Wednesday, 28 May 2014

Agents as middle people

I've worked with many writers over the past fourteen years and this next piece of advice is one I've been wanting to share for a while. And this applies not to my private freelance work, but to work I do with publishing houses, and acquired authors.

Whether a writer starts with me with an agent or gets an agent part way through our relationship, I've noticed that some of these writers use the agent as a middle person, to the extent that they don't communicate with me fully, but use their agent to do that instead.

An agent is supposed to be a buffer of sorts to handle conversations and negotiations that take time away from the writer's writing time or simply because that writer doesn't want to worry about anything else but writing. But when you use an agent to do much of the communicating with your editor, you lose the development of a very important relationship, the editor-author relationship.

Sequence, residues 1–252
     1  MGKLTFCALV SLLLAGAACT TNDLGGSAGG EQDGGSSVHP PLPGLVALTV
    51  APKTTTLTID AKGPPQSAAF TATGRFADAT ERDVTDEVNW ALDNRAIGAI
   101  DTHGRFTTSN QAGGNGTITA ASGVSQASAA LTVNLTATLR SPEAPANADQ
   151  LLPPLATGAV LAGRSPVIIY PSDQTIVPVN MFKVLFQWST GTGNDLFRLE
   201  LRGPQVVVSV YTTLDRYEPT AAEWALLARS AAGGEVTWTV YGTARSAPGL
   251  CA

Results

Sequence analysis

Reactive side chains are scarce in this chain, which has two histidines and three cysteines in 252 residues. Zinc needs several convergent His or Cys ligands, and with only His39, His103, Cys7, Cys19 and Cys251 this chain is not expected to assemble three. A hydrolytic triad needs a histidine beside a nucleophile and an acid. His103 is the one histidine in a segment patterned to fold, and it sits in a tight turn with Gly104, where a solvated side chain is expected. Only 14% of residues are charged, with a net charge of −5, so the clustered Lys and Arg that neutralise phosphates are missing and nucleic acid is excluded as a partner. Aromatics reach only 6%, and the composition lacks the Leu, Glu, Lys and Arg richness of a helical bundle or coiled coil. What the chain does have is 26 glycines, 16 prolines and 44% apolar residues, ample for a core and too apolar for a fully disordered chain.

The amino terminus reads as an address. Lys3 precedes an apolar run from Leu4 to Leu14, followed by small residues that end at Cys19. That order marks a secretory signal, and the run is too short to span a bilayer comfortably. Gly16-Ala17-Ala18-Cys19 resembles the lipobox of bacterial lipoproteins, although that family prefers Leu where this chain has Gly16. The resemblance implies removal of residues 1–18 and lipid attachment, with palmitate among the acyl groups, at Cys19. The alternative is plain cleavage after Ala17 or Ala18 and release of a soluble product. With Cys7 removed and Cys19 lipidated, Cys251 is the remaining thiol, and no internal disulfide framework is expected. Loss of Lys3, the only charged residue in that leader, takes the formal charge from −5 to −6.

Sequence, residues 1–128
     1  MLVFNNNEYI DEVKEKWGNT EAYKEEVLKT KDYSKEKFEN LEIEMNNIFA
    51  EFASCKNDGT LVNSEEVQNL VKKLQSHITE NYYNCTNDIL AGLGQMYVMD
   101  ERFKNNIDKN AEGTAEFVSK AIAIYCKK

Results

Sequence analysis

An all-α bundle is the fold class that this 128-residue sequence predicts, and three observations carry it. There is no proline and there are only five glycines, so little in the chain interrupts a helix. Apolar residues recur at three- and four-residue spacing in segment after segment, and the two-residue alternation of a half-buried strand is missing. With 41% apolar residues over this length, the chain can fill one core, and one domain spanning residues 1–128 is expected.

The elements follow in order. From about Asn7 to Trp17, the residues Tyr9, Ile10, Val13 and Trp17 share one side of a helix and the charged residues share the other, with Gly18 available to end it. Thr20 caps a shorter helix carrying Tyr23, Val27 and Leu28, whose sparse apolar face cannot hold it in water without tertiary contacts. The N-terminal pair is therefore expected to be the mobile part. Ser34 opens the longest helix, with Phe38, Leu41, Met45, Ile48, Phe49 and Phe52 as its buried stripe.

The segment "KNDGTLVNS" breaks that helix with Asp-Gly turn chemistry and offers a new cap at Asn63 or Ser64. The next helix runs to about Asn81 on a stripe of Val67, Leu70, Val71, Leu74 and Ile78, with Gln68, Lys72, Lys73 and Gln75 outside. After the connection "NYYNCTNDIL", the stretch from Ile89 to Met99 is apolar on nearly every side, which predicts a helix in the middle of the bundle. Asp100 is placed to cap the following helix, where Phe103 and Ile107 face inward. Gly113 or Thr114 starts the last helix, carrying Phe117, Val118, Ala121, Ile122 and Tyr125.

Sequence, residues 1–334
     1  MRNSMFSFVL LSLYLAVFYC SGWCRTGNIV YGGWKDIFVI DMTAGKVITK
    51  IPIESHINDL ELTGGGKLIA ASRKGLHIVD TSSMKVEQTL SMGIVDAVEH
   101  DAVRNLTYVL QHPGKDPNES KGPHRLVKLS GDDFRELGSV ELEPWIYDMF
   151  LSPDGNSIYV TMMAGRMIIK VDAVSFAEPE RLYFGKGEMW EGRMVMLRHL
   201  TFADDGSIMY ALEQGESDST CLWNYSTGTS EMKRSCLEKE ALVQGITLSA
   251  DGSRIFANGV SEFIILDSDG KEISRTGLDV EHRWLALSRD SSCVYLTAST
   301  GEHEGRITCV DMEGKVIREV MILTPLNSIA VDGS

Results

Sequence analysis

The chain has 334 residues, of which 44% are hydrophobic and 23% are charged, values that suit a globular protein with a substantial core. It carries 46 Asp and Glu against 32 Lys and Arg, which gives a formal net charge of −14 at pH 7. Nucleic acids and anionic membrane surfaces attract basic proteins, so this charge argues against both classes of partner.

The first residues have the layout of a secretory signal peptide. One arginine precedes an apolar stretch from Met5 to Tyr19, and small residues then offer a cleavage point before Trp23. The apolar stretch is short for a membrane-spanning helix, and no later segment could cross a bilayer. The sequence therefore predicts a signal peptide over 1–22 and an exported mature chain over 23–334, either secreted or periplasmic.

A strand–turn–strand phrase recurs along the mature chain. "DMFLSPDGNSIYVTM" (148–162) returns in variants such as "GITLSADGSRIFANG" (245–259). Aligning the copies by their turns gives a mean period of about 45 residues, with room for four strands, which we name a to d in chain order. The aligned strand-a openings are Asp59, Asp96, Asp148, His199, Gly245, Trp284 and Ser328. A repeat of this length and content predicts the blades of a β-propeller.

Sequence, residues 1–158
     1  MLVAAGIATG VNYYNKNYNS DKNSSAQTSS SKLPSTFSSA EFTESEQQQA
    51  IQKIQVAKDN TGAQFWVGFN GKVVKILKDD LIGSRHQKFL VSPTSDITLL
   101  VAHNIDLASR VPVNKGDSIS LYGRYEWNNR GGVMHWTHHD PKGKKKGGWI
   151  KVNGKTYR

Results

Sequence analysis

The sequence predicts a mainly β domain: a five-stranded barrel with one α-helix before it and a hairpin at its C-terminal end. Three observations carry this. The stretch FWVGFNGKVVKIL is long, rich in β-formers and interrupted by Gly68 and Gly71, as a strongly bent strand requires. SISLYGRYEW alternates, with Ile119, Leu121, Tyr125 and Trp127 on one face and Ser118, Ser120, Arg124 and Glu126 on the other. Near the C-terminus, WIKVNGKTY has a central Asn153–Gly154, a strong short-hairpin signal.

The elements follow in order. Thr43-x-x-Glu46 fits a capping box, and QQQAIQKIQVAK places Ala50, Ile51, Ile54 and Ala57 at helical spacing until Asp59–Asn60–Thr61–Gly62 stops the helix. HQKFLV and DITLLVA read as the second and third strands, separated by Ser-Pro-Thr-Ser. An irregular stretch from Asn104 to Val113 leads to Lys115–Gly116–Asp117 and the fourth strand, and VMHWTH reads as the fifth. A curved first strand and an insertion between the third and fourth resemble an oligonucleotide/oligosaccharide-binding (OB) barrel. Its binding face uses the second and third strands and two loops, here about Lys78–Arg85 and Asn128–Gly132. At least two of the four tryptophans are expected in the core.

The building of a close working relationship with your editor is critical to developing a great book, I believe. The authors who are most open with me, talk to me about everything, brainstorm etc are the ones I have the best relationship with.

I hate talking through an agent. I feel disconnected from that writer when I do, when I'm forced to. It makes perfect sense because for any relationship to work and grow you need to communicate directly with one another, and if that element is missing then how can you expect it to go anywhere? It stagnates and fails to flourish.

So if you're in the position of having an agent, or are about to get one, really think about how you want to use that agent and think twice if you want that agent to do all your communicating for you. Keep that editor-author relationship open and free, unhampered by a third party.